In still other embodiments, a radiopaque material, such as gold nanoparticles, can be incorporated in the template 46 in step 48, for example, by mixing the polymer material and the gold nanoparticles prior to the micromolding. The gold nanoparticles remain in the hollow interior 66 when the polymer template 46 is removed in step 64 and form a radiopaque layer on an interior surface 69 of the network 50. The radiopaque layer does not dissolve until the end of the stent corrosion and can facilitate tracking of the stent delivery and performance. For example, whether the stent has fully degraded can be observed using an X-ray. The gold nanoparticles have small sizes to enable removal of the particles by the body.

A second example of the bands 22 and connectors 24 of the stent 20 having the features described above is shown in FIG. 5. A strut 80 has a polymer core 82 enclosed by metal shell 84. The metal shell 84 can have high mechanical strength and a high Young's modulus, and can determine the mechanical performance of the strut 80. The polymer core 82 has relatively low mechanical strength and a low Young's modulus. However, when the metal shell 84 breaks unexpectedly, the polymer core 82 can also provide mechanical support for the strut. In use, the metal shell 84 degrades at a low rate for about 30 to about 90 days while substantially keeping the mechanical strength of the stent prior to substantially exposing the polymer core 82 to the body fluid. For example, the mechanical strength of the stent decreases by about 10% to about 99% after 30 to 90 days. In particular, mechanical strength of a stent having an iron metal shell 84 decreases less than the mechanical strength of a stent having a magnesium metal shell 84, after the same amount of time. The length of time t before the metal shell 84 substantially degrades and the mechanical strength of the strut 80 can be controlled by the material used for and the thickness of the metal shell 84, and the thickness ratio of the shell 84 to the core 82. In some embodiments, the metal shell 84 can have a thickness of about 1 micron to about 40 microns, about 10 microns to about 40 microns, or about 20 microns to about 40 microns. The dimensions of the cross-section of the strut 80 is about 50 microns by 50 microns. Once substantially exposed, the polymer core 82, and therefore, the strut 80, quickly degrades, for example, in about 20 days to about 90 days.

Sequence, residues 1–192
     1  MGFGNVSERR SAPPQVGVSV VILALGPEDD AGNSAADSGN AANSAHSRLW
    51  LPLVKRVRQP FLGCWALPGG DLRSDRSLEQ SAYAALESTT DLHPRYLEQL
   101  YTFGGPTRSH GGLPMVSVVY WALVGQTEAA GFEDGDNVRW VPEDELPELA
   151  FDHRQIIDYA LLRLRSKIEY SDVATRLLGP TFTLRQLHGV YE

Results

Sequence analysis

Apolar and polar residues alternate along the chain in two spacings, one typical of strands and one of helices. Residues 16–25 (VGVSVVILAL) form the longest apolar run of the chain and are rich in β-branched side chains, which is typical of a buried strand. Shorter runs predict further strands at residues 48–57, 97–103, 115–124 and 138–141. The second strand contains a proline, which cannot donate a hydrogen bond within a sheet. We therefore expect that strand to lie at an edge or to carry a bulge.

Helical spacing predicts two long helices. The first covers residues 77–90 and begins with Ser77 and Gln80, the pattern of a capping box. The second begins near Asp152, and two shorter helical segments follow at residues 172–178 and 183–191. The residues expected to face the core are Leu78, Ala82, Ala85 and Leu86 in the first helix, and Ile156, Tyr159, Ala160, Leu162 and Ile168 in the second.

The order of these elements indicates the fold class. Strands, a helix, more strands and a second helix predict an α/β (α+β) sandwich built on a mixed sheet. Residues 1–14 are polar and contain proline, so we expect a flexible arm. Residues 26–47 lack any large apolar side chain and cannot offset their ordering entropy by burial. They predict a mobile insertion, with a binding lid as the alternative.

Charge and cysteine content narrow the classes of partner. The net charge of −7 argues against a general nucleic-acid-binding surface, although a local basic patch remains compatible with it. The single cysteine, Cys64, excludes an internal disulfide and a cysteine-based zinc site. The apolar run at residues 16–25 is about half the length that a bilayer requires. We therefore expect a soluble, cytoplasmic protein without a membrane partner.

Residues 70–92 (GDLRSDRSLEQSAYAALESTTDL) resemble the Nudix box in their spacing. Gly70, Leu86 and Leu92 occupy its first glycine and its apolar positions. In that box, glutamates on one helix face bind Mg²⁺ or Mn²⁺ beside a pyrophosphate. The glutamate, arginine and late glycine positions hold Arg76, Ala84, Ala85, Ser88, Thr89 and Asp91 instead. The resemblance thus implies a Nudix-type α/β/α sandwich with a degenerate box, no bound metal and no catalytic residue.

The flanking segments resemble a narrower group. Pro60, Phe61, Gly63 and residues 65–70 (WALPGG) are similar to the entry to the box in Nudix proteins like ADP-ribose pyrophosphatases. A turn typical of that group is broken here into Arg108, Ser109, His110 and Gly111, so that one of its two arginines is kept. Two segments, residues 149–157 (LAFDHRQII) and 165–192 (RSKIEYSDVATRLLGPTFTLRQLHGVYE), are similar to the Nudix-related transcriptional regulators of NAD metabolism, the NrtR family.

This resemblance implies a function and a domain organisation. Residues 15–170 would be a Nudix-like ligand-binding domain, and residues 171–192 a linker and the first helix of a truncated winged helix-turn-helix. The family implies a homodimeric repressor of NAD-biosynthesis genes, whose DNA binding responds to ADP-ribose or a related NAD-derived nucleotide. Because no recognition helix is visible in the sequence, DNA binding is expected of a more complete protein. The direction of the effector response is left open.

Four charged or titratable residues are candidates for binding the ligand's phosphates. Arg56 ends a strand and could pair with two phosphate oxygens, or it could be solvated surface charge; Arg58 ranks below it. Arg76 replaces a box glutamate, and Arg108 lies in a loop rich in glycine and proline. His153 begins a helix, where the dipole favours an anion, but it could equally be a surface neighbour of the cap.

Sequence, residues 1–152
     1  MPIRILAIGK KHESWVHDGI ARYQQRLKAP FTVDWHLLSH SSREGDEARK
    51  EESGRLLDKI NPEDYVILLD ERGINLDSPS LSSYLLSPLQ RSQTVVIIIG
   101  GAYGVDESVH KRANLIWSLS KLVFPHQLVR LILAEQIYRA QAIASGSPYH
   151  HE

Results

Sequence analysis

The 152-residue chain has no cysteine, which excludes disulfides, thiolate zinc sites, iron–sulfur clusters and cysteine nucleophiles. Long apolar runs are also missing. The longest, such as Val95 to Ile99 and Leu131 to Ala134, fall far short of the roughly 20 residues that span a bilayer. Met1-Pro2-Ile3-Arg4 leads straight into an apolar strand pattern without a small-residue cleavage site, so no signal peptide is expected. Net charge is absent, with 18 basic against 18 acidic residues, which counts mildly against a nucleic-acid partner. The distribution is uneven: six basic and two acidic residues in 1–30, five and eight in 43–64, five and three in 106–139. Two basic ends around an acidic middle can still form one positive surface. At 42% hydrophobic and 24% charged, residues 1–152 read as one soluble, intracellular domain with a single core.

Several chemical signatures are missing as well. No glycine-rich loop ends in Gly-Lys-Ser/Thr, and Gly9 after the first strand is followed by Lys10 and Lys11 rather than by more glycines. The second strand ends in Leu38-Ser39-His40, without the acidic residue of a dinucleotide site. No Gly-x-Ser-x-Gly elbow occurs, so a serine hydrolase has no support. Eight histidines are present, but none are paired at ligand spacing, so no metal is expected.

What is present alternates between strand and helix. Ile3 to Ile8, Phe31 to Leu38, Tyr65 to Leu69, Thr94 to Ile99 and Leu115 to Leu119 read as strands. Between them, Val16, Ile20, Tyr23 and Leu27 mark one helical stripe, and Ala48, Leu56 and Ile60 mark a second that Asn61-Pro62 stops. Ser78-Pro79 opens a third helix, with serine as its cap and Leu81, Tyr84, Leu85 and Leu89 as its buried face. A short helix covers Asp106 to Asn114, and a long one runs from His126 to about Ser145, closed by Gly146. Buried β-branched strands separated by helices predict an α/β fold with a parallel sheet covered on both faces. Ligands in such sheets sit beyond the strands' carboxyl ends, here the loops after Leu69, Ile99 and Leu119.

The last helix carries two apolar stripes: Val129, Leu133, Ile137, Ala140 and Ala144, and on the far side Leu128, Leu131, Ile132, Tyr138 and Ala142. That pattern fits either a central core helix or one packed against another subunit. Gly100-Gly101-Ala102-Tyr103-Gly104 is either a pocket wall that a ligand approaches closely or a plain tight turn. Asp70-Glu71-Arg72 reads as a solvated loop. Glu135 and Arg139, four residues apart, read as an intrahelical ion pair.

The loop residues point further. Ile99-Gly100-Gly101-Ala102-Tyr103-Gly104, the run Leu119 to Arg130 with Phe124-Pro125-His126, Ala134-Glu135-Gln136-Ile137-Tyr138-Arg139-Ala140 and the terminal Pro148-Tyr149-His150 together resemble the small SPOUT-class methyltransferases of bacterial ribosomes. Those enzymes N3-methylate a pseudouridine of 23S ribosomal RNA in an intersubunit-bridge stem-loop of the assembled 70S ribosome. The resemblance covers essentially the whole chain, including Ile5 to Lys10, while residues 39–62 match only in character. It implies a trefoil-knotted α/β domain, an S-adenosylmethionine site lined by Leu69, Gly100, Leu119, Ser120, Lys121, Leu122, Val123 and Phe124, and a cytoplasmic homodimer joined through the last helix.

The polymer core 82 can include polylactide (PLA) or PLGA, and optionally a drug, that are, for example, micro-injection-molded or laser-cut. In some embodiments, the metal shell 84 includes fine, e.g., ultra-fine, grains of magnesium, iron, magnesium alloy, iron alloy, or other biodegradable metals, particles deposited using, for example, physical vapor deposition (PVD) or pulsed laser deposition (PLD). In the PVD process, a relatively high sputter rate can be achieved using a hollow cathode. The PLD process can reduce the thermal impact on the polymer core 82. The grains form of the metal shell 84 can enable the strut 80 to have a good ductility.

In some embodiments, the metal shell 84 substantially seals the polymer core 82 and the drug contained in the polymer core 82 does not release until one or more pores or channels are formed in the degrading metal shell 84 and the body fluid contacts the polymer core 82 through the pores or channels. The starting time of the drug release can be controlled by the parameters, such as the corrosion rate and the thickness, of the metal shell 84. The releasing rate and releasing profile of the drug can be adjusted by selecting the density of the drug in the polymer core 82 and the other related parameters, such as the sizes and the corrosion rate of, or the materials in the polymer core 82.